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‘The dogs on the street want it’ – Irish village to debate first historic name change in over 500 years

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The south Tipperary village of Ballyclerahan is to consider formally changing its name to what the community has been colloquially known as for decades – Clerihan.

Known in Gaelic as Baile Uí Cléireacháin or ‘the town of O’Céireacháin’, the community just outside Clonmel has been referred to since at least the early 20th Century by its shorter name.

However, on all forms of legal documents, maps and even tourist guides, it is referred to as Ballyclerahan.

Yet when the 1993 National Ploughing Championships were staged locally, the venue was referred to as Clerihan.

One Tipperary County Council member believes it is time for local residents to be given a say in whether the everyday name used for their community is officially recognised.

Councillor John Fitzgerald has commenced a formal process that, if ratified, will see Clerihan recognised as the proper name.

“I am a resident of Clara myself for many years. For nearly 30 years, the situation has been constantly spoken about – that the place name of the village be Clerihan, and not Ballyclerihan as it is on all the signage coming into it by the county council,” he told TippFM.

”I brought a motion before Clonmel Borough Council to set in train the process which will start now to have it changed.

“We have the Tidy Towns Committee, the Community Council, the GAA in Clerihan and anyone that you’re talking to … the dogs on the street in Clerihan say that they want it called Clerihan.”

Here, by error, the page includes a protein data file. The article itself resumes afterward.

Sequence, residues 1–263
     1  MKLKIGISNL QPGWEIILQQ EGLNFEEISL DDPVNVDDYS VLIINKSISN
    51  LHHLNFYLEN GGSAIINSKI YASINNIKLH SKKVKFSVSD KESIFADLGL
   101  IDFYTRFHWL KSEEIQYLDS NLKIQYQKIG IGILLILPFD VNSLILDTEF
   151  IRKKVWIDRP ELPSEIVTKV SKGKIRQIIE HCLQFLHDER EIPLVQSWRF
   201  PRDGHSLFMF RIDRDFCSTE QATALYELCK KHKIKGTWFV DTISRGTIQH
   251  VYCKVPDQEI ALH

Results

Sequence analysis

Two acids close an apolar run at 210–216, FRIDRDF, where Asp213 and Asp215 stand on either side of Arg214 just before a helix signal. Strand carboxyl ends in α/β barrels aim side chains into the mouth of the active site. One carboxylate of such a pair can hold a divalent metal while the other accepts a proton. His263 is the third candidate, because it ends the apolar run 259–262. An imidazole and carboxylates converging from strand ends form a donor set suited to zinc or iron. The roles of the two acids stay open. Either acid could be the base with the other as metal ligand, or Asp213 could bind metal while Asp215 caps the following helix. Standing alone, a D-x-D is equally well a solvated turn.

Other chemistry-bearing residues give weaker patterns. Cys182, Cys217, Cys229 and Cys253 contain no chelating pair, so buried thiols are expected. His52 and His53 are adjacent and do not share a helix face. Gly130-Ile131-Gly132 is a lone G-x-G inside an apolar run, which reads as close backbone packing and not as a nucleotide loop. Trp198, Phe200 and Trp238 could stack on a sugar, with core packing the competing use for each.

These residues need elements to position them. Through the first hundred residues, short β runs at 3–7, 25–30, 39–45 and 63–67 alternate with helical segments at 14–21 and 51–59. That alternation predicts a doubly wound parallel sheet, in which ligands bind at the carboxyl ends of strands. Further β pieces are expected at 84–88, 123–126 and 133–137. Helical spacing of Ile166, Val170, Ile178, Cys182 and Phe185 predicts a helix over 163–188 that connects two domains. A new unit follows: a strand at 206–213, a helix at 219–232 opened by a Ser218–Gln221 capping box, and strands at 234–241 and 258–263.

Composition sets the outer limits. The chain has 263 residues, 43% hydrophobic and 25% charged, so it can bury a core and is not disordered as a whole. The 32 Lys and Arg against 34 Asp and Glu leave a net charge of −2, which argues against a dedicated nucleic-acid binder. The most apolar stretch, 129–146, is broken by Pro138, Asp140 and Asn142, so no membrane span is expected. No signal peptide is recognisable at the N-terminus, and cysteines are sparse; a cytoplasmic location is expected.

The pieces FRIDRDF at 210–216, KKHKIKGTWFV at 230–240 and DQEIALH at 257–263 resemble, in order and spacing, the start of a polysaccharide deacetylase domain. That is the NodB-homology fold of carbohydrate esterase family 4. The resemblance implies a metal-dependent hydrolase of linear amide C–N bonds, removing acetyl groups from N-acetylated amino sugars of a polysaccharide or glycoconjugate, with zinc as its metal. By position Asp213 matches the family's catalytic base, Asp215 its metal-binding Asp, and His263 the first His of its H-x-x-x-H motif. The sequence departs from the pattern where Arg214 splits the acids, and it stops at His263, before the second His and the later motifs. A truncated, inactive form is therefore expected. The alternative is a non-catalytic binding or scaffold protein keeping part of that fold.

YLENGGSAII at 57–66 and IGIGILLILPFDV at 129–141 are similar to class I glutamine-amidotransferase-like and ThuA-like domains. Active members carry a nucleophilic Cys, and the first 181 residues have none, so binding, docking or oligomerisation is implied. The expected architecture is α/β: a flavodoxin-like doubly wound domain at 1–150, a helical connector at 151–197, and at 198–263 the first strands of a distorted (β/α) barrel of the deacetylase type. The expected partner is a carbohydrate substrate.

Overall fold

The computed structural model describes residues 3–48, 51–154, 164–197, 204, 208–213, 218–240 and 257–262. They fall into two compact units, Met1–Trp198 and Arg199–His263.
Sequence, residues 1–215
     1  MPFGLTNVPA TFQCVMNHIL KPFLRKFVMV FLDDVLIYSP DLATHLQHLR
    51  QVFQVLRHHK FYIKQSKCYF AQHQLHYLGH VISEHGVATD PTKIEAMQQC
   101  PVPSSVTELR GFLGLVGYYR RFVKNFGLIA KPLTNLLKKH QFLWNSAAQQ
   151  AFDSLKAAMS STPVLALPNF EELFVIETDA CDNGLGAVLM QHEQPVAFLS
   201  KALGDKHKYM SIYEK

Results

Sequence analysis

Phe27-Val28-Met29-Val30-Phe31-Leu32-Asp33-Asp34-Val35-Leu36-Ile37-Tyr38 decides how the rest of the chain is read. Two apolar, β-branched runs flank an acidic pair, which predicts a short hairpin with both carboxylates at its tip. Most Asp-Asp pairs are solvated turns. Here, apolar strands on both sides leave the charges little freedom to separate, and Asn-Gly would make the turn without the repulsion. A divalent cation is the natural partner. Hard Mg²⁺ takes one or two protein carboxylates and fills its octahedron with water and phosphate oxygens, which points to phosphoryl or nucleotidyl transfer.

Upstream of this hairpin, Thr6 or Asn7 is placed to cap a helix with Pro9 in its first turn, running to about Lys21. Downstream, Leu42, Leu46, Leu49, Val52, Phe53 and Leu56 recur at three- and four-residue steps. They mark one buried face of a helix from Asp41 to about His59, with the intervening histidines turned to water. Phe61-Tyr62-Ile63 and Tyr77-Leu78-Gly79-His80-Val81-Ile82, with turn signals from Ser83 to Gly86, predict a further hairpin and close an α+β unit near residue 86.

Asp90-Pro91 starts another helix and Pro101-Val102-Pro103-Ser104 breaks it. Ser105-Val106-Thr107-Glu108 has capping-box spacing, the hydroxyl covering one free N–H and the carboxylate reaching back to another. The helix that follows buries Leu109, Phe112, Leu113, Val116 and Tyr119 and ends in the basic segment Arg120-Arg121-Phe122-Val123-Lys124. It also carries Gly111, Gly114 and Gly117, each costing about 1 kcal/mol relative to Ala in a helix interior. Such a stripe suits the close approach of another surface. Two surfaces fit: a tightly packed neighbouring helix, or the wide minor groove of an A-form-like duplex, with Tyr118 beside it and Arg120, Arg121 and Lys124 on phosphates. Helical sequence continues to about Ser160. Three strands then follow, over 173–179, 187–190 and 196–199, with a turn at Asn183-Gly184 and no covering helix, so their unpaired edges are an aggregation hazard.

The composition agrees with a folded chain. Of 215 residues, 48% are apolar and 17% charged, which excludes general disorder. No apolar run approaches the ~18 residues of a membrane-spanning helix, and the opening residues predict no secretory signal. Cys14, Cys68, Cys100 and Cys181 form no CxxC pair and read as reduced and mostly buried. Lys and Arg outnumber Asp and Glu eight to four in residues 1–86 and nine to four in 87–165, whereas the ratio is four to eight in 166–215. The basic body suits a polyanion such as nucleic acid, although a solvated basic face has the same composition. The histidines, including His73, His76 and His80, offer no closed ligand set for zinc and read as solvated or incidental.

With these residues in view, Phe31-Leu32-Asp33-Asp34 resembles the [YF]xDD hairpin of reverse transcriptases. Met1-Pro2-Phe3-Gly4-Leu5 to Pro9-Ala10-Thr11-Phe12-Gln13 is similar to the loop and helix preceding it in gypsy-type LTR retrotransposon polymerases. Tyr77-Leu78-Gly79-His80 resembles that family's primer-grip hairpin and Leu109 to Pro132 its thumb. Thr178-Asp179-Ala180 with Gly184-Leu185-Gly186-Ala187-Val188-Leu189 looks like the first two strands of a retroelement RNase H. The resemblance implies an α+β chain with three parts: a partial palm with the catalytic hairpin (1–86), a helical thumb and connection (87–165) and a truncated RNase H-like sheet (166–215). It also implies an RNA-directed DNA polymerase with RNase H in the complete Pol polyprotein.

”Quite a body of research has been done by local historians like Tony Lyons and others to make this point and to show historically where this was the desire.

”So it will require, I understand, a kind of process, something that will be set out to the people there to decide upon in, I think, late summer this year, something along the lines of a plebiscite.

”And I welcome that because it will kind of once and for all stop this debate.”

Councillor Fitzgerald said he believed the vast majority of people wanted the place name to reflect the reality of everyday usage.

“I think the vast majority of people there want to call it Clerihan and we actually have already bought signs,” he said.

“We have got funding for two vintage signs to name it ourselves, the council have agreed they will erect them but they have to go through this process.”

Name changes have been exceptionally rare in Ireland since the War of Independence.

While many towns changed their names after independence – for instance the Cork harbour town of Queenstown became Cobh – name changes have been quite rare in modern times.

However, new street and place names have emerged.

Following the completion of a major city centre retail development in 2009, Cork city centre secured its first new laneway in over 250 years with Opera Lane.

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